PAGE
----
Role of Image Reformation Techniques in Postmortem Computed Tomography Imaging of Stranded Cetaceans
Postmortem imaging, known as virtopsy, is conducted with sectional imaging modalities and may give invaluable initial or additional information to the conventional necropsy. Multidetector computed tomography (MDCT), in particular, allows production of a vast quantity of volumetric data rapidly, permits high-resolution visualization, and creates isotropic voxel data for reliable two-/three-dimensional image reformation. However, primary axial images obtained from MDCT may limit accurate diagnosis or pathologies documentation. Direct coronal or sagittal orientation of head, flippers, and fluke could only be obtained by means of positioning, with these parts dissembled from the intact body trunk. MDCT image reformation techniques generate images in a plane or orientation different from the prospective one, which permits visualization of anatomical details and relationships that would be difficult to evaluate using axial reconstructions alone.1-4
This study aimed to identify various MDCT image reformation techniques applied on virtopsy to facilitate the death and life history investigation of stranded cetaceans found in the Hong Kong waters.
Using a 16-row MDCT scanner AlexionTM (Toshiba Medical Systems, Tochigi, Japan), 56 stranded cetaceans found in the Hong Kong waters were examined, and findings were compared by subsequent necropsy. TeraRecon Aquarius workstation (San Mateo, California) and Toshiba AlexionTM build-in software (Toshiba Medical Systems, Tochigi, Japan) were used in conjunction to reconstruct projection data into volumetric data set, allowing the application of image reformation techniques for death and life history investigation.
Results indicated that slice and volumetric visualization are the most useful on stranded cetaceans. Multiplanar reconstruction (MPR) shows other planes (sagittal, oblique, curved, or coronal), which are not acquired directly during the acquisition in axial plane. It is useful to assess any intact anatomical structure/pathology in any required plane, and it is even possible to obtain a curved plane for visualization of the anatomical details of vessels. Maximum intensity projection (MIP) emphasizes the highly intense and narrow structures in the carcass, which is useful to detect metallic foreign bodies, calcifications in vessels and tracheobronchial tree, and small lung nodules. Shaded surface display (SSD) creates three-dimensional images of surface information of various tissues (parenchyma, bone, airways, and vessels) of the carcass. With successive interactive steps of exclusion/inclusion of these different tissue types and resizing/trimming of the region of interest, surfaces that would otherwise be very difficult to visualize can be visualized. It is particularly helpful in studying articular surface fracture lines, which often remain hidden behind adjacent bone surfaces. Direct volume rendering (DVR) generates a three-dimensional volume in a two-dimensional platform, which increases the three-dimensional spatial understanding of the anatomical structure/pathology when the observer rotates the volume structure and facilitates the search of optimal view/set of views to answer a pathological question. Cutting away in DVR allows the observer to cut into a structure to see its interior, which helps to remove portions of structures that may be obscuring other areas of interest. Transfer function (TF) in DVR controls the opacity, brightness, and colour of selected volume, which allows the observer to selectively reveal structures that would otherwise be obscured in virtopsy.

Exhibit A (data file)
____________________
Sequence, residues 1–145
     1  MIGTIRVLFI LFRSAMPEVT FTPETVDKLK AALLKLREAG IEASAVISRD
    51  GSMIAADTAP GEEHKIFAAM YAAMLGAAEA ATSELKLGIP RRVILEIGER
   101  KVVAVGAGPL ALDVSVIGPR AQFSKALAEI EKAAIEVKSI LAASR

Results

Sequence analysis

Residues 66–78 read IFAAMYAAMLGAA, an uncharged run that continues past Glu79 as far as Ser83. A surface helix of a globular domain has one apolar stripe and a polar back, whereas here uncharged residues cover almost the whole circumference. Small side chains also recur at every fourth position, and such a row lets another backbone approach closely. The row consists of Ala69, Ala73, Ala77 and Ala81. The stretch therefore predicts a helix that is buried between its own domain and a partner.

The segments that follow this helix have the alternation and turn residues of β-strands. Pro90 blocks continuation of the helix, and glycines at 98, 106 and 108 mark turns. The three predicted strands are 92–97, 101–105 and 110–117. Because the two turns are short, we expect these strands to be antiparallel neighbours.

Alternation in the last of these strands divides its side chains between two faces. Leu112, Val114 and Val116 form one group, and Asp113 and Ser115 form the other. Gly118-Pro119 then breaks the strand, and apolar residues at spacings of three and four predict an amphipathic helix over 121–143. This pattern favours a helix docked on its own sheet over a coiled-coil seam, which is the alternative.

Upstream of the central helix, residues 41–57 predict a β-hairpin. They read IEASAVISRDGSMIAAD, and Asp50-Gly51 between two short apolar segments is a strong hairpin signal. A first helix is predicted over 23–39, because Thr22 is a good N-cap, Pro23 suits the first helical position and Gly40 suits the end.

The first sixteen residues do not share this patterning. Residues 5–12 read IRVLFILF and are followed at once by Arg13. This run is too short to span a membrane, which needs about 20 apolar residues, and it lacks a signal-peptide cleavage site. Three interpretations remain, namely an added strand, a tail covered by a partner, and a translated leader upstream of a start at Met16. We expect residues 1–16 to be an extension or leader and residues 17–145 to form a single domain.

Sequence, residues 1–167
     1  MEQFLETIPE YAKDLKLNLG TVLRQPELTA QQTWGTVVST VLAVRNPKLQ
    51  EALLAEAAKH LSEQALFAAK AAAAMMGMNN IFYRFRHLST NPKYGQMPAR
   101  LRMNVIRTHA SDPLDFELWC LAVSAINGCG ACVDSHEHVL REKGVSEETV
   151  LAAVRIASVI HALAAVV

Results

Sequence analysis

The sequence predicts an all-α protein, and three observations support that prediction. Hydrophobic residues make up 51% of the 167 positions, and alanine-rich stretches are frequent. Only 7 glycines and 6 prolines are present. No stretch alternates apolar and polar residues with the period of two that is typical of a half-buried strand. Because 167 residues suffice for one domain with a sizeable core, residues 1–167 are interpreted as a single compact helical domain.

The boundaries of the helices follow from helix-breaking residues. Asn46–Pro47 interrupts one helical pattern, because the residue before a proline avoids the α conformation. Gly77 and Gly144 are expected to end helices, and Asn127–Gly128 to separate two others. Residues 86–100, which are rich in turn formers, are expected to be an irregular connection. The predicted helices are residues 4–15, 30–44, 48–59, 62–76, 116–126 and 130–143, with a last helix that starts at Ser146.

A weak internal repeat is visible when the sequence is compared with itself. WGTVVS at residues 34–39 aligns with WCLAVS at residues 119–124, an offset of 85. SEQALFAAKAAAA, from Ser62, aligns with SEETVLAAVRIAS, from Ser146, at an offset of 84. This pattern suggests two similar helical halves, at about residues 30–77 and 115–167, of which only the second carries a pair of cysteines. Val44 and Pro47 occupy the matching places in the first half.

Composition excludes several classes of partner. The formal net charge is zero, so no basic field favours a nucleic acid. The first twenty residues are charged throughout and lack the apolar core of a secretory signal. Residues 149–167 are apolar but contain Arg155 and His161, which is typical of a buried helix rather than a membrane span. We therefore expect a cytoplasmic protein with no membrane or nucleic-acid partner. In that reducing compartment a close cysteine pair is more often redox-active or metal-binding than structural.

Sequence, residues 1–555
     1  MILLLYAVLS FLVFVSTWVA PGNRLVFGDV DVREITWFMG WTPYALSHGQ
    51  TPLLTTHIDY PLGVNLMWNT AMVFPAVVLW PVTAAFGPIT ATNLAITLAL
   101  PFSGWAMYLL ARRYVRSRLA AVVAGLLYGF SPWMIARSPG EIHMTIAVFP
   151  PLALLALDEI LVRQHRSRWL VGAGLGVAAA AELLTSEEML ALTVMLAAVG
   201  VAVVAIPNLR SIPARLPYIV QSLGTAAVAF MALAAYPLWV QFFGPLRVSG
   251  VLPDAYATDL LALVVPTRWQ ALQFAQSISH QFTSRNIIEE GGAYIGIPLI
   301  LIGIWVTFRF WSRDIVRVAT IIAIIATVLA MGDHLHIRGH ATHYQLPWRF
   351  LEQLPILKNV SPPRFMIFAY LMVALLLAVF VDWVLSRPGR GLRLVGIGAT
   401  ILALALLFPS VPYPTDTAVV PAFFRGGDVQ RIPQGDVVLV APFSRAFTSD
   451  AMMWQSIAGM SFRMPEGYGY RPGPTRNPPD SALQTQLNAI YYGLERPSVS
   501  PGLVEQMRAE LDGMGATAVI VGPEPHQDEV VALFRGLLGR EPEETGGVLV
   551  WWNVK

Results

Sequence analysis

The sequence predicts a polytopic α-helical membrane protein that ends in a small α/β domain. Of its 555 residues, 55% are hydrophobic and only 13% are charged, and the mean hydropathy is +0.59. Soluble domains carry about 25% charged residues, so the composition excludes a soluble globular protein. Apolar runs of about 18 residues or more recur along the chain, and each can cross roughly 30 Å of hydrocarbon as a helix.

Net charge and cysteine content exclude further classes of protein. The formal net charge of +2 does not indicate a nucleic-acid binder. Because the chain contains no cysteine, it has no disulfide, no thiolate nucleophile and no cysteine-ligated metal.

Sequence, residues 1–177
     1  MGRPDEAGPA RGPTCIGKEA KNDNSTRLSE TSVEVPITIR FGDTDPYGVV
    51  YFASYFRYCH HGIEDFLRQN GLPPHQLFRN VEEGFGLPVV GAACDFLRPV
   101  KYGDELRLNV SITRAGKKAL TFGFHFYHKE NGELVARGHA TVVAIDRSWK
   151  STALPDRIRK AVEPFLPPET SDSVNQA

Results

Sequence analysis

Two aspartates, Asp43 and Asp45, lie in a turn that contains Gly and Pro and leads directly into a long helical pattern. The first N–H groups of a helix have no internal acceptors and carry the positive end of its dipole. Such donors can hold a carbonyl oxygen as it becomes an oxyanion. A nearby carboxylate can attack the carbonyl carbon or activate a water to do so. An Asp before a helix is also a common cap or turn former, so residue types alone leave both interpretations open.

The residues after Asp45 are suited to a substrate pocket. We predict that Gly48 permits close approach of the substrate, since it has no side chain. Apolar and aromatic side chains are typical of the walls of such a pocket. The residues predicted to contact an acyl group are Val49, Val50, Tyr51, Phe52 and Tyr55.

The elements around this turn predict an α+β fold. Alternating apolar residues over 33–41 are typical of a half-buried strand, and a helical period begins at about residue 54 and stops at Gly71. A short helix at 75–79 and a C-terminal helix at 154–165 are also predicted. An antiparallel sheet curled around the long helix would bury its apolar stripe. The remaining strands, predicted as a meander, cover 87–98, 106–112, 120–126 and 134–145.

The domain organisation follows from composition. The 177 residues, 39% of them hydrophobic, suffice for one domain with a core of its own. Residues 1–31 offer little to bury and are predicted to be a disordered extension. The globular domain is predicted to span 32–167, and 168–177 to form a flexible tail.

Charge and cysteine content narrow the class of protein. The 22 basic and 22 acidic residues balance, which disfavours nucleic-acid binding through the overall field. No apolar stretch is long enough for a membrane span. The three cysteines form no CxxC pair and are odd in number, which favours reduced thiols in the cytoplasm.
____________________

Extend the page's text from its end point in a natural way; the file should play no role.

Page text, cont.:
To conclude, MDCT image reformation techniques could be applied on virtopsy to identify foreign bodies, pathology, and condition of internal structures in carcass. Operator should make use of the volumetric data set to reform new images with the aforementioned techniques, which allows assessments of anatomical structures and pathologies from different perspectives in death and life history investigation of stranded cetaceans.
This project was financially supported by the Hong Kong Research Grants Council [Grant number: UGC/FDS17/M07/14]. The authors would like to thank the Agriculture, Fisheries and Conservation Department of the Hong Kong SAR Government for the continuous support in this project. Sincere appreciation is also extended to veterinarians, staff, and volunteers from Ocean Park Hong Kong, Ocean Park Conservation Foundation Hong Kong, and Tung Wah College for paying great effort on the stranding response and necropsy in this project. Special gratitude is owed to technicians from Hong Kong Veterinary Imaging Center for operating the CT and MRI for this research. Wholehearted thanks to TeraRecon, Inc. for the friendly loan Aquarius workstation to the project and Ms Carus Yu for her guidance in workstation operation.
* Presenting author
+ Student presenter
1. Dalrymple NC, Prasad SR, Freckleton MW, Chintapalli KN. Introduction to the language of three-dimensional imaging with multidetector CT. Radiographics. 2005;25:1409–1428.
2. Lundström C, Persson A, Ross S, Ljung P, Lindholm S, Gyllensvärd F, Ynnerman A. State-of-the-art of visualization in post-mortem imaging. APMIS. 2012;120:316–326.
3. Perandini S, Faccioli N, Zaccarella A, Re TJ, Mucelli RP. The diagnostic contribution of CT volumetric rendering techniques in routine practice. Indian J Radiol Imaging. 2010;20:92–97.
4. Thali MJ, Braun M, Buck U, Aghayev E, Jackowski C, Vock P, Sonnenschein M, Dirnhofer R. VIRTOPSY - scientific documentation, reconstruction and animation in forensic: individual and real 3D data based geo-metric approach including optical body/object surface and radiological CT/MRI scanning. J Forensic Sci. 2005;50:428–442.